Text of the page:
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Stitching the economy

Ankara weaves a recovery plan

by Peter Grimsditch

Last month Turkish Prime Minister Recep Tayyip Erdogan announced economic stimulus measures designed to put the nation back to work and the economy on the path to recovery. Tax cuts, exemption from social security payments, relocation expenses and subsidies for intern on-the-job training were part of what Erdogan described as turning a “crisis into an opportunity.” On paper, the plan looks sound.

For investment purposes the country has been carved into four zones, from the least developed east to the most developed north-west. As an incentive for new investors to  set up shop in eastern Turkey, start-up businesses will see corporate tax rates cut from 20 percent to 2 percent, social security contributions exempted for seven years, and a subsidy of 5 percentage points on the interest rate for Turkish lira loans for business start-ups, to a maximum of TL500,000 ($325,000). Smaller versions of the same formula will apply to the other three regions.

Sweetening the pie

The textile industry, a chunk of which has been exported to Egypt, is among several areas singled out for special treatment. Any company owner willing to transfer their operations, lock, stock and barrel from either of the two richer zones to either of the two poorer zones will have the corporate tax rate slashed from 20 percent to 5 percent, all relocation expenses paid and be exempted from social security payments for five years.

There are, inevitably, some conditions. The move has to be made before the end of next year and the company has to employ at least 50 people. The name of Erdogan’s game here is to spread the productive economy more evenly around the country. With the state subsidies and lower salaries paid in eastern Turkey, overhead operating costs would be cheaper for those who take the plunge. What they also face in parts of the region is a transport infrastructure in need of a vast overhaul and a local labor pool drawn from the least educated slice of the Turkish population. In any case, no one has explained how creating jobs in one area by making people redundant in another can be counted as a net gain.

Indeed, the unemployment rate has reached a worrisome 15 percent. For that reason, the prime minister included in his announcement an employment package that will pay 200,000 people $9.70 a day to join on-the-job training program, while providing jobs for another 120,000 others in school and health center maintenance, tree planting, erosion control and caring for parks.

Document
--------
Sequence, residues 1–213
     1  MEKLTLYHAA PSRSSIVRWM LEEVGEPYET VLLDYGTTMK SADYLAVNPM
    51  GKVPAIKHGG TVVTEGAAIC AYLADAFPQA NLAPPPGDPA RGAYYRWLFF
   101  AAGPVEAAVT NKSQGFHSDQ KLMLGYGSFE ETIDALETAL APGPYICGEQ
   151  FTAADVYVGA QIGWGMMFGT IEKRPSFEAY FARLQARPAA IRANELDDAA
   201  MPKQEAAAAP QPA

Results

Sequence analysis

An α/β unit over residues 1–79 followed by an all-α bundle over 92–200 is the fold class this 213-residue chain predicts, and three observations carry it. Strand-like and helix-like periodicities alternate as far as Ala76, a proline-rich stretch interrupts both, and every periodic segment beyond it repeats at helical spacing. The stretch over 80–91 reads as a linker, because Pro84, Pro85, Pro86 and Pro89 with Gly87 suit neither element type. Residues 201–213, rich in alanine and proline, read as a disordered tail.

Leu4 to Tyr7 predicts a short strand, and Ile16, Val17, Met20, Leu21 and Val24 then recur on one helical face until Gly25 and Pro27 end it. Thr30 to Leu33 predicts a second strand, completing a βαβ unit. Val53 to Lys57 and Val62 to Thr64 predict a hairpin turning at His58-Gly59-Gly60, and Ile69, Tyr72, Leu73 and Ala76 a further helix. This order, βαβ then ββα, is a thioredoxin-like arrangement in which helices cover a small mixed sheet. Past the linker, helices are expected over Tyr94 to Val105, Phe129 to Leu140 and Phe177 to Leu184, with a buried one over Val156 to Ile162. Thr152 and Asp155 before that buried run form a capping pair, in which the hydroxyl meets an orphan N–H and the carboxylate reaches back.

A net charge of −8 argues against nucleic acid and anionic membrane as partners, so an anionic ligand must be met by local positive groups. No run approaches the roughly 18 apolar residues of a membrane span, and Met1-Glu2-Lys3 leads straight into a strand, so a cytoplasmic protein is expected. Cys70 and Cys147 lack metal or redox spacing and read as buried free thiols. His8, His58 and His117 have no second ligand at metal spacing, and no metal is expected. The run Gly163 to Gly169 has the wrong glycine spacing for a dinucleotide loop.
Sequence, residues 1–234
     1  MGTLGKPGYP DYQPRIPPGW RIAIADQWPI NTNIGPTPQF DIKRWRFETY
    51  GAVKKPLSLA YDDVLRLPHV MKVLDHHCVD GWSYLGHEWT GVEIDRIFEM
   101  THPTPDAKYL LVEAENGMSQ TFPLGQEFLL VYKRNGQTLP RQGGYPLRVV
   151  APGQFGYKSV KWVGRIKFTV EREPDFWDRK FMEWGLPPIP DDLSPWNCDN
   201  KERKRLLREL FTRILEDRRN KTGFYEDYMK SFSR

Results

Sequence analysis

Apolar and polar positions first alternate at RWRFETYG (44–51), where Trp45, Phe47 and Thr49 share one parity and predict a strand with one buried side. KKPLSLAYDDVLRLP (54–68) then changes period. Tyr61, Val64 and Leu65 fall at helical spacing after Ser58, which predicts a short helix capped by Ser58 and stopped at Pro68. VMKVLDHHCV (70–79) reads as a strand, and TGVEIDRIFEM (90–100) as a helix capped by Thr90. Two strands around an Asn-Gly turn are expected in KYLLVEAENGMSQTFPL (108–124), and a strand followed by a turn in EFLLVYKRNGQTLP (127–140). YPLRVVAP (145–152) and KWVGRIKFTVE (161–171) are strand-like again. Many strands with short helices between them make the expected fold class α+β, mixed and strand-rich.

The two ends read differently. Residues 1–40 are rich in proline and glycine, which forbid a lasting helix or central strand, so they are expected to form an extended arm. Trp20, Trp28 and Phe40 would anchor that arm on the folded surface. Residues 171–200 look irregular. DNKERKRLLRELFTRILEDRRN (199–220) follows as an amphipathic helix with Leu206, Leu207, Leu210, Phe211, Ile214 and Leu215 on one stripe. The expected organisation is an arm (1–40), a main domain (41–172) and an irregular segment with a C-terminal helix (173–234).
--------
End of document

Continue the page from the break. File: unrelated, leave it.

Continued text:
“The government is determined to turn around the economy whatever the costs,” Erdogan said.

Perhaps mindful of continuing talks with the International Monetary Fund on a new standby agreement and differences between the two sides on tax and spending policies, he added that none of the measures would involve the “slightest concession to fiscal discipline.”

The IMF appears unconvinced. Later in June, director of the IMF’s European Department, Marek Belka, said Turkey may need to cut its spending levels to achieve financial sustainability. Speaking in Washington, Belka was quoted by the Reuters news agency, saying, “No matter if there is an IMF program or no program, the Turks themselves have to make the necessary adjustments, fiscal cuts if necessary or longer-term reforms both on the expenditure and tax side, so that we can both agree that the fiscal situation is under control in the longer term.” The last agreement expired in May 2008.

Hope makes for happy markets

Belka’s remarks came the day after IMF First Deputy Managing Director John Lipsky held talks with Turkish authorities in Ankara. The agenda was ostensibly preparations for the annual meetings of the World Bank and IMF governors to be held in Turkey in October. Although there were no substantive talks on a new loan agreement, both the Istanbul Stock Exchange and the currency improved simply on the possibility of a deal.

The current talk in Ankara — that an agreement could be signed by August — is reminiscent of the political gossip put out every month since last October. This alternates with suggestions that the Turkish economy is sound enough to survive without an IMF loan anyway. Certainly, the Turkish government appears in no mood to don an IMF straitjacket and abandon its current policies.

Peter Grimsditch is Executive’s correspondent in Istanbul

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